A photo of the protest at Phitsanulok on Aug. 9, 2020. Photo: Save_ry / Twitter

PHITSANULOK Plainclothes state officials over the weekend visited and detained six anti-government protest leaders in Phitsanulok province, the group said on Monday. 

Brave Phitsanulok Will Not Bow to Dictators said five of its members were seized at a protest site close to a temple, and taken to a bizarre “attitude adjustment lecture” deep inside a jungle. Another member was reportedly questioned at her dorm by security officers. 

“They talked about many Thai kings and how they were related to Phitsanulok, what good deeds they did for the country, as well as the sacredness of various supernatural spirits in the province,” the group wrote in an online post. 

“They told many other illogical, unprovable myths about the place that we were going to hold the protest at as well.”


However, a local police chief dismissed the tale as fanciful. 

“It’s all fabricated news. It’s all false news,” Col. Pakphum Prapsriphum of Phitsanulok City Police Station said in an interview. “The protest went on as usual, but only about 10 people came.”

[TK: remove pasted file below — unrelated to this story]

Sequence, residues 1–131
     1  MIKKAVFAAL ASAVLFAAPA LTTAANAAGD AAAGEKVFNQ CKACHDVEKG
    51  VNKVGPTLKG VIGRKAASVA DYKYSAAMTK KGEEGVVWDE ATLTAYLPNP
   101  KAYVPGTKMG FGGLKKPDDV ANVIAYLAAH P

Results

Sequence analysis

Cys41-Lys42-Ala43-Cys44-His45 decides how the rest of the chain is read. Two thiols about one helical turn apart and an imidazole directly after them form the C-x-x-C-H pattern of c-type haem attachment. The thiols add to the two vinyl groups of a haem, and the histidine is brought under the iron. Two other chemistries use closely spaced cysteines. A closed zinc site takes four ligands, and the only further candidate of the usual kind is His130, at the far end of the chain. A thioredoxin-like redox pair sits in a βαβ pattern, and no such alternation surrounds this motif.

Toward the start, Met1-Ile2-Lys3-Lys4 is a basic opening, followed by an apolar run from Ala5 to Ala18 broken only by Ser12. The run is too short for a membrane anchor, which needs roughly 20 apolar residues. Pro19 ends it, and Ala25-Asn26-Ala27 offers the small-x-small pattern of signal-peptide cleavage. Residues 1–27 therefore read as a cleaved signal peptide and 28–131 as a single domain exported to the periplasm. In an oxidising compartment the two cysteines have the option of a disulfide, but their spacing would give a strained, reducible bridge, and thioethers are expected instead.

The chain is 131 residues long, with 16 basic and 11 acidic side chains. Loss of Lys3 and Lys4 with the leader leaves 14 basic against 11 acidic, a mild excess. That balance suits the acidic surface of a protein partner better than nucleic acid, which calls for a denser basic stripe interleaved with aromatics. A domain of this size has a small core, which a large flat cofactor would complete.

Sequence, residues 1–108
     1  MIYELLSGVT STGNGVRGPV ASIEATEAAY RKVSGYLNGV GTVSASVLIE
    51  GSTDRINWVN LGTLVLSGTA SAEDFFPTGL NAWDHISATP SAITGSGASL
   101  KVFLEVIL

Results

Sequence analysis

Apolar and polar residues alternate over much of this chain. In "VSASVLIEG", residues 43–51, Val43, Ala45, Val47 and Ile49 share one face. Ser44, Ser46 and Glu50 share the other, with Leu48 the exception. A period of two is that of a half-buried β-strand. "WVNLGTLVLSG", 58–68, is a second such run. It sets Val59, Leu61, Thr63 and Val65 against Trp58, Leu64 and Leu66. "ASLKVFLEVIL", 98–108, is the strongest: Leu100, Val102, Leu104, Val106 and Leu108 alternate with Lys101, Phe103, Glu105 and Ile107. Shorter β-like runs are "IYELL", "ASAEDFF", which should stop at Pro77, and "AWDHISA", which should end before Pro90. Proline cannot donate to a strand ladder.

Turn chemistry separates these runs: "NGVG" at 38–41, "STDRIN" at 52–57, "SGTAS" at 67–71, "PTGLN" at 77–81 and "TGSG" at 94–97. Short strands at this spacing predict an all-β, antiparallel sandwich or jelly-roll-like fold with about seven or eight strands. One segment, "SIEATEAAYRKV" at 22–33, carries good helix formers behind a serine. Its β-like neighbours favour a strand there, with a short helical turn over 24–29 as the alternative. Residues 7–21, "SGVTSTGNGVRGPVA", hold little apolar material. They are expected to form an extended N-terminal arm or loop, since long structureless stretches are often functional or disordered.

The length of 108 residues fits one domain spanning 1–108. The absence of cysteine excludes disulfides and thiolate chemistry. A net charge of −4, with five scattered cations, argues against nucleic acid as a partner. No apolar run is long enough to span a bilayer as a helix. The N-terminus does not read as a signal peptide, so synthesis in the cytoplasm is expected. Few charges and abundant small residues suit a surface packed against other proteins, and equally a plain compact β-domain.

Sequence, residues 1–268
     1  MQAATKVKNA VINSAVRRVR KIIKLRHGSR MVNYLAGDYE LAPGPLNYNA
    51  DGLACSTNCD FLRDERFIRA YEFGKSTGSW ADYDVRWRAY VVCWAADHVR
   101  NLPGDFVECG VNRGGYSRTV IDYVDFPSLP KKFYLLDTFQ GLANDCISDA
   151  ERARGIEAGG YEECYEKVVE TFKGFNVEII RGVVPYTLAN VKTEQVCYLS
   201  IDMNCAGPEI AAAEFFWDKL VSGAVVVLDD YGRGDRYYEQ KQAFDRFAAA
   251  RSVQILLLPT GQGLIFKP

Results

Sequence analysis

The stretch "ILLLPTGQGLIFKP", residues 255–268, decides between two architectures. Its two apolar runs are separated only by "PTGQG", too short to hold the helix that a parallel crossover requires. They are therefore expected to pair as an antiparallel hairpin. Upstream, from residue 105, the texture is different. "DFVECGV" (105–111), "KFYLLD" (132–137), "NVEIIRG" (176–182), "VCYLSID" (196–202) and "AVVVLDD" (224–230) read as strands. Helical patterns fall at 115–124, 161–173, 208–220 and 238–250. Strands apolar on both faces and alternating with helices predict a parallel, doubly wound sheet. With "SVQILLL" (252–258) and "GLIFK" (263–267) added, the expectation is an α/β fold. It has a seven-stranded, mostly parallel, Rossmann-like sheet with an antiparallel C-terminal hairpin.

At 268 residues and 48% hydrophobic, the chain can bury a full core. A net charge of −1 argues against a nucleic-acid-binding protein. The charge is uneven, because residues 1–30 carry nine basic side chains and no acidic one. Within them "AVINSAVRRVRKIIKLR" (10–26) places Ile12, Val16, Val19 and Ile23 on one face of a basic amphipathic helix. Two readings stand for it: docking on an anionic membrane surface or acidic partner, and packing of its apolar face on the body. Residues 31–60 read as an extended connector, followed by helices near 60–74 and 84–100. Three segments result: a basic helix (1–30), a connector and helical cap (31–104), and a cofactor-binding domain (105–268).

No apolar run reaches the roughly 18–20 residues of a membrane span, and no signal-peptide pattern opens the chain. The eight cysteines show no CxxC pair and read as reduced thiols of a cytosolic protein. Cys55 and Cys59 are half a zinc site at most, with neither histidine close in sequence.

The protest was scheduled for 4pm near Wat Phra Si Rattana Mahathat. The group said the five activists were picked up at about noon on Sunday by 10 plainclothes officials while they were preparing for the rally. 

The officials reportedly drove them away in a van before searching them and confiscating their phones. 

“We knew we were going to disappear, so we asked to contact our friends and family. We were not allowed, but they said that if we cooperated they would not use force. After all, we were fellow Phitsanolokians,” the group wrote.

They were later taken on separate trucks to a house inside a forest, where officials questioned them on who funded or supported the protests, the group said. The activists were then allegedly given a lecture on history and supernatural forces in the province.

Plainclothes security officers also visited a female member of the group at her dorm at about 12.30pm and tried to discourage her from further activities against the government, according to the online post. 

All of the detained activists were reportedly released on the same day without any charges.


Yaowalak Anuphan, the chairwoman of civil rights group Thai Lawyers for Human Rights, said she is in talks to aid the protesters with any legal action they may take against the security forces. 

“It’s clear that what happened to them was illegal,” she said by phone Monday. 

Since the military coup in 2014, security officials have often abducted pro-democracy campaigners and interrogated them in unspecified locations, a practice seen by activists as a scare tactic.